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As workshop participants pair up to discuss objects that have special meaning in their lives, undergraduate student Ikira Peace talks about a Misty Copeland doll that helps to inspire her own training as a dancer.
Those taking part in the workshop brought an object that represented
their field of study or other interests or that has motivated them in
their lives, and they explained the meaning to the group.
Undergraduate student Ikira Peace, a dancer since age 5 now in UD’s
dance minor program, brought a doll portraying Misty Copeland, the
American Ballet Theatre’s first African American principal dancer.
Copeland’s story reminds her of her own life, Peace said, and inspires
her to continue her dance training.
Other workshop participants brought family heirlooms—a ceramic milk
jug from Maryland’s Eastern Shore, an Irish ring from an 1895 wedding,
even a 1970 high school yearbook—and told the stories behind them.
Ethan Scott Barnett of Brooklyn, New York, who plans to enter UD’s
doctoral program in history in the fall, brought a poster advertising
the September 1957 event that commemorated the 50th anniversary of the
Urban League and featured a talk by the Rev. Martin Luther King Jr. on
“The Rising Tide of Racial Consciousness.”
Tracey Jentzsch, program coordinator in the Museum Studies Program,
who brought her great grandmother’s milk jug, said she keeps it on her
desk “to remind me that every object has a story.”
Fo (Folayemi) Wilson is an artist, maker and designer, educator,
writer and independent curator who uses constructed space and furniture
forms to offer audiences new ways of thinking about and interacting with
She earned a master’s degree in fine arts from the Rhode Island
School of Design and is an associate professor at Columbia College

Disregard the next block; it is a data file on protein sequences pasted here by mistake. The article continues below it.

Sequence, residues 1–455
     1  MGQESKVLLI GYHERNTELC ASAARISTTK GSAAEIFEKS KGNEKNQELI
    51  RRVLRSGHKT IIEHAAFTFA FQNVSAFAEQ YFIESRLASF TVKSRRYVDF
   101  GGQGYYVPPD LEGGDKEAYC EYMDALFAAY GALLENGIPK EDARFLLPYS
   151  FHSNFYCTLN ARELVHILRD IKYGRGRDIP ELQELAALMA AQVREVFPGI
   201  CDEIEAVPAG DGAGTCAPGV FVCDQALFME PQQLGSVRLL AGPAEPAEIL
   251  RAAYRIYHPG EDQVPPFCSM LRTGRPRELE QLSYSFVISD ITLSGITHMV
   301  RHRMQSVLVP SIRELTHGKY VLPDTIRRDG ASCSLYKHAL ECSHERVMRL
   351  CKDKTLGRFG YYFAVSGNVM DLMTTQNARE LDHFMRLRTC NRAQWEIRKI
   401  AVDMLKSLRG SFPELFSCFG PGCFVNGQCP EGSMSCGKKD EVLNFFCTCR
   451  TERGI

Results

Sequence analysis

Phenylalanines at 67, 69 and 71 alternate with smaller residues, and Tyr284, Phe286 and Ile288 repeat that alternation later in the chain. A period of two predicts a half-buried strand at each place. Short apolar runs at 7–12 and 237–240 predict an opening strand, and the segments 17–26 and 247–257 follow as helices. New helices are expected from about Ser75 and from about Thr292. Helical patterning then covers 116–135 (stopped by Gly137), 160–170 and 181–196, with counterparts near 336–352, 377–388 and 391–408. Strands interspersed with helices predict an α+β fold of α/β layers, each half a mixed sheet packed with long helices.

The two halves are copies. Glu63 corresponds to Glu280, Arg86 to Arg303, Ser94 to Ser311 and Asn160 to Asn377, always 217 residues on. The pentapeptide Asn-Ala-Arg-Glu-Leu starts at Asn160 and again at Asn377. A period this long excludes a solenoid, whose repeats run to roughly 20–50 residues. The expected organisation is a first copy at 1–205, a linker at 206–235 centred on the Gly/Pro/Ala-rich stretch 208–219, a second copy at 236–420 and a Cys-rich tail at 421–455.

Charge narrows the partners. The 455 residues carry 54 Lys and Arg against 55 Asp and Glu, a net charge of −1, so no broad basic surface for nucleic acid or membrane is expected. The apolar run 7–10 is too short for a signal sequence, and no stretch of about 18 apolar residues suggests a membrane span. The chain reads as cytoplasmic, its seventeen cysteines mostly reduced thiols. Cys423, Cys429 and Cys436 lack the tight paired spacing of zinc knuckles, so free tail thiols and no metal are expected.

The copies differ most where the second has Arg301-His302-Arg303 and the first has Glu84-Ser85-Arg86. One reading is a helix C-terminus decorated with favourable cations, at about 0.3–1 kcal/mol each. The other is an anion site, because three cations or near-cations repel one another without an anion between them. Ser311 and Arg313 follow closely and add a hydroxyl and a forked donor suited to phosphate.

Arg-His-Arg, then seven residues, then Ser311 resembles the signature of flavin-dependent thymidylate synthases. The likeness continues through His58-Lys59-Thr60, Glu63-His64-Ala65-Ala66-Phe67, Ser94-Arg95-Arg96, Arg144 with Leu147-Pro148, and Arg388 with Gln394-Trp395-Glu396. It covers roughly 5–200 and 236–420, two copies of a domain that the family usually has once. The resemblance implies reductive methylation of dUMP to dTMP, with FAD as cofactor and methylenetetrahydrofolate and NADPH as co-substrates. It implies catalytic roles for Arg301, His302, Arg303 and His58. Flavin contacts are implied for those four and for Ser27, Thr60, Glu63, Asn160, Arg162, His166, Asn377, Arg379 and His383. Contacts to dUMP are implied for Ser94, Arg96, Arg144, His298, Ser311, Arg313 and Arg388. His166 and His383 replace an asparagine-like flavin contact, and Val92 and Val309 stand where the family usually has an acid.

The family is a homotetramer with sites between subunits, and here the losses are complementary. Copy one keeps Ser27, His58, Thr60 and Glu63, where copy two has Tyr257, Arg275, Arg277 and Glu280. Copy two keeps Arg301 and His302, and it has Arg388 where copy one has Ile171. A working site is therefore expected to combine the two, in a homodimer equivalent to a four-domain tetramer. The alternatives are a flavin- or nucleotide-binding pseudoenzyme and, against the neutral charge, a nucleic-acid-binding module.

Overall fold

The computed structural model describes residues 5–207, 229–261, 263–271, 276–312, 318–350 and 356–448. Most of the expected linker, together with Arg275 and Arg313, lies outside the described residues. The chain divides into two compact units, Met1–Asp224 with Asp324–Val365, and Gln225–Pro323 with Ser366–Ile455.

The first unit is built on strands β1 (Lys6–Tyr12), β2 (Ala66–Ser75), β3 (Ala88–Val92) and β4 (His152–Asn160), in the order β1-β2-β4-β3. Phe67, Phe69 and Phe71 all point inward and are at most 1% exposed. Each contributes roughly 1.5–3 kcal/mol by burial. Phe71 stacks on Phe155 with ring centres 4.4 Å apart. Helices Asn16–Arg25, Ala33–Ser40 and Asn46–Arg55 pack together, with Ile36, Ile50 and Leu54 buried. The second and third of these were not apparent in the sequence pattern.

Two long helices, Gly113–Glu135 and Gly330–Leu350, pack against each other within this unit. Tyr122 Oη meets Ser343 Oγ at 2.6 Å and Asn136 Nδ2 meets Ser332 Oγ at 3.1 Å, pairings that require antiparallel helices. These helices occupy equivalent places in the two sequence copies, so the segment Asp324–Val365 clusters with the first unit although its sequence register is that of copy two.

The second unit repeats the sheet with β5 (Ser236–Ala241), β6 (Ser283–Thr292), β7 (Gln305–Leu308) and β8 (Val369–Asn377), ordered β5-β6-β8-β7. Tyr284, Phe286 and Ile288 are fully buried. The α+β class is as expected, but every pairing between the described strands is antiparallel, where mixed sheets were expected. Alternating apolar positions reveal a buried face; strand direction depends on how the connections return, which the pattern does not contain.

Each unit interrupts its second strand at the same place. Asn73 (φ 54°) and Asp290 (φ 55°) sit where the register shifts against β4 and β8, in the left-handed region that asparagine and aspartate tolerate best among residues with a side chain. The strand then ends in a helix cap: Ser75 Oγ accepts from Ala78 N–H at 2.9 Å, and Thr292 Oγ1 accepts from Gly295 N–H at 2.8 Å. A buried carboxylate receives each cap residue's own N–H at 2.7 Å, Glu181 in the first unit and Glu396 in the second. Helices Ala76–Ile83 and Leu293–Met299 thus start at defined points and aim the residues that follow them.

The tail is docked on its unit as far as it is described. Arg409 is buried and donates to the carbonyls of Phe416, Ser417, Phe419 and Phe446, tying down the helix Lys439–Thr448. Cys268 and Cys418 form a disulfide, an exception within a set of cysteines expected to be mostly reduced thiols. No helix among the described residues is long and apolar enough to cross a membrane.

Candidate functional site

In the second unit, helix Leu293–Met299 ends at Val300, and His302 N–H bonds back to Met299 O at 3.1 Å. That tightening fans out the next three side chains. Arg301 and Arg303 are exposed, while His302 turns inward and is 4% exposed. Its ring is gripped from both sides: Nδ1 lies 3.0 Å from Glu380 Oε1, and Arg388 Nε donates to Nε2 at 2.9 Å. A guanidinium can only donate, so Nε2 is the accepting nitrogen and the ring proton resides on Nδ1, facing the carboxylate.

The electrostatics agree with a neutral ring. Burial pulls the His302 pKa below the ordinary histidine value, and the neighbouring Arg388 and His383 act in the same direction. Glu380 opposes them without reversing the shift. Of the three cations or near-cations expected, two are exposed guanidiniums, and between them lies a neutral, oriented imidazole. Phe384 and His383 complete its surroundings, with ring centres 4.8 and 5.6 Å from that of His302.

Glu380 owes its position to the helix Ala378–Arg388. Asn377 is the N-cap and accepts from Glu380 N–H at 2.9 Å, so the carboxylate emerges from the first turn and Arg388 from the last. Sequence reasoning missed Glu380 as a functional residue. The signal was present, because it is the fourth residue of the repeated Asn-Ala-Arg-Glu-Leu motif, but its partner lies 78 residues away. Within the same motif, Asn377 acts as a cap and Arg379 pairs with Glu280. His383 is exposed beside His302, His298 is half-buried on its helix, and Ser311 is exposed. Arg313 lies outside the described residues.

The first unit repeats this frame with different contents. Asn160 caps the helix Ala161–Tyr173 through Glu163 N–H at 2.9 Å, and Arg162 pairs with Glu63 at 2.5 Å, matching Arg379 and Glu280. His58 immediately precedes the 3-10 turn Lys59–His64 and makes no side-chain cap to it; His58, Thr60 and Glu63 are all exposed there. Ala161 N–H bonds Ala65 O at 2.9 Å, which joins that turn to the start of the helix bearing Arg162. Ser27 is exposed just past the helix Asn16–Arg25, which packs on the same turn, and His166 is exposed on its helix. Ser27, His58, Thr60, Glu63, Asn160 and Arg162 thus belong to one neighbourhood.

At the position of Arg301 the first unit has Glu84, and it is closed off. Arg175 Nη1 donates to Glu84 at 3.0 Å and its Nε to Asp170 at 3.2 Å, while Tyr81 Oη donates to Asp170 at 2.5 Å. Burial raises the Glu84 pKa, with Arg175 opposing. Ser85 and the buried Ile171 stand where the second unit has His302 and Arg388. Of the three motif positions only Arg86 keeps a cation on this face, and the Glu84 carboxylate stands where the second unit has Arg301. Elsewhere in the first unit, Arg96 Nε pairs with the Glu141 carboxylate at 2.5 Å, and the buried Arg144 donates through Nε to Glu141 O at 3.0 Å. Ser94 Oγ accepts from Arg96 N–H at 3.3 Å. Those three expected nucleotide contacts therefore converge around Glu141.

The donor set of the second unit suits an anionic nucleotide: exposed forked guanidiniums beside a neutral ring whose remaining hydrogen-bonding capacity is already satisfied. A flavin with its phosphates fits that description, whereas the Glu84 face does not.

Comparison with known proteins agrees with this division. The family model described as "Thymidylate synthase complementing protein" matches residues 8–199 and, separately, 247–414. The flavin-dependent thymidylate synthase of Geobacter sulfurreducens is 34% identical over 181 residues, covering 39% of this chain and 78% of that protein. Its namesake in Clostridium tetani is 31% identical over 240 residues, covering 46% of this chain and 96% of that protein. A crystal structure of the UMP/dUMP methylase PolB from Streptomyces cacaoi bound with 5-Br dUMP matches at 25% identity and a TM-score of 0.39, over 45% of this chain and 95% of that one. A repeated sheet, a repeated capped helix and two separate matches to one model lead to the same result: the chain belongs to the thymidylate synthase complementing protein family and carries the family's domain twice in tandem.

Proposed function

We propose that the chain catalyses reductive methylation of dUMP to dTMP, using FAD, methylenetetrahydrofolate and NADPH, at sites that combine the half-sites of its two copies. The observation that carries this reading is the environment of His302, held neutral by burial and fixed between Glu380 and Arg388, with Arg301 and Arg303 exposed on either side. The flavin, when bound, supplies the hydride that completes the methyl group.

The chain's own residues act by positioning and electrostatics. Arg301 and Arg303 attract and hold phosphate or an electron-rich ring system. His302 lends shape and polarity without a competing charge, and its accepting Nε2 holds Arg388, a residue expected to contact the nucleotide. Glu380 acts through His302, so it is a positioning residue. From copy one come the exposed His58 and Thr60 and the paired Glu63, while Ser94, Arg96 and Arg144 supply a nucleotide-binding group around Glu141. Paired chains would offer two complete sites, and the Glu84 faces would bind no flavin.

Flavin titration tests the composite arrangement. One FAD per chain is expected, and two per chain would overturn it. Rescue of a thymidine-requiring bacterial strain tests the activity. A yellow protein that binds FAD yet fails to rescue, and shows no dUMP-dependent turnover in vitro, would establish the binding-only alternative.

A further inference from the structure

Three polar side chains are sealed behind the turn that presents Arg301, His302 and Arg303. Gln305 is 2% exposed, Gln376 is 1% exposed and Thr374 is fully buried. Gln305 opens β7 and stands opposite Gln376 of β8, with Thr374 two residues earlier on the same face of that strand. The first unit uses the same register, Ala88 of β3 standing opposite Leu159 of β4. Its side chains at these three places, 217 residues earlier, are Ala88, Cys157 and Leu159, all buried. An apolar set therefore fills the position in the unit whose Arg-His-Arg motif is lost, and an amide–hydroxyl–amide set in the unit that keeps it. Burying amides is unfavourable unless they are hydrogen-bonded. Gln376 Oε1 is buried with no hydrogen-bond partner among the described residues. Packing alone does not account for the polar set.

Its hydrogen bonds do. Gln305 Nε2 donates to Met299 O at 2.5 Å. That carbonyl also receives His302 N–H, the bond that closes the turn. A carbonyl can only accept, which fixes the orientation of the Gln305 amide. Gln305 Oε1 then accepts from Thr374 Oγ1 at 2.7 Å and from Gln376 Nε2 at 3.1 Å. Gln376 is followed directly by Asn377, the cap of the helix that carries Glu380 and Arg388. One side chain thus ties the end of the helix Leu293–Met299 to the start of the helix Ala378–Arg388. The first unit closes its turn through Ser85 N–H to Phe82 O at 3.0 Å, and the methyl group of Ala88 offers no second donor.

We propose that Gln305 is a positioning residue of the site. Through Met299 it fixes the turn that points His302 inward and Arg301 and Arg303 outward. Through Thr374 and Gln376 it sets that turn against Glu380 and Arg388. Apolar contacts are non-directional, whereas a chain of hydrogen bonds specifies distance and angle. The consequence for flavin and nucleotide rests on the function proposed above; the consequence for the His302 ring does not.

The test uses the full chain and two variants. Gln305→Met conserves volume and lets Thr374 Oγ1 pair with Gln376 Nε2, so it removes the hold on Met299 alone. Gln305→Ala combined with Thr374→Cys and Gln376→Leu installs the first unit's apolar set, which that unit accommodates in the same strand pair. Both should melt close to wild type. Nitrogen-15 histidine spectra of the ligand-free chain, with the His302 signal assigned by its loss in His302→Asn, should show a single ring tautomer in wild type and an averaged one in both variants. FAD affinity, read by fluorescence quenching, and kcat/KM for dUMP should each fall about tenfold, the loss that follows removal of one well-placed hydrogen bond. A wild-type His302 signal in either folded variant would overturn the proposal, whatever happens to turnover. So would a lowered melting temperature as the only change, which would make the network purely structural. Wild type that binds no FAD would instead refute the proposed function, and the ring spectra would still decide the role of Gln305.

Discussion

Her writing and reviews have appeared in NKA, Journal of Contemporary African Art, the International Review of African American Art and Communication Arts.
Wilson’s visit to UD was co-sponsored by the College of Arts and
Sciences, the Paul R. Jones Initiative, the IHRC and University Museums.
The Paul R. Jones Initiative fosters educational inquiry,
interdisciplinary engagement and critical thinking with and through
African American art at the University of Delaware. Founded in
conjunction with the gift of the Paul R. Jones Collection, the
initiative supports a broad range of programming intended to strengthen
the collection and its interconnectivity with campus life and community.
The Paul R. Jones Annual Lecture honors the late Mr. Jones and his
gift of African American art to the University in 2001. Since its
arrival on campus, UD has supported a wide range of research and
curricular programming using African American art as the seminal point
of departure. This includes American art and culture in dialogue with
Africa and its diaspora.
Mr. Jones, who received an honorary doctor of letters degree from UD in 2004, died in 2010.
For more about UD’s initiative in African American public humanities, visit the website.
Article by Ann Manser; photos by Doug Baker and Kathy F. Atkinson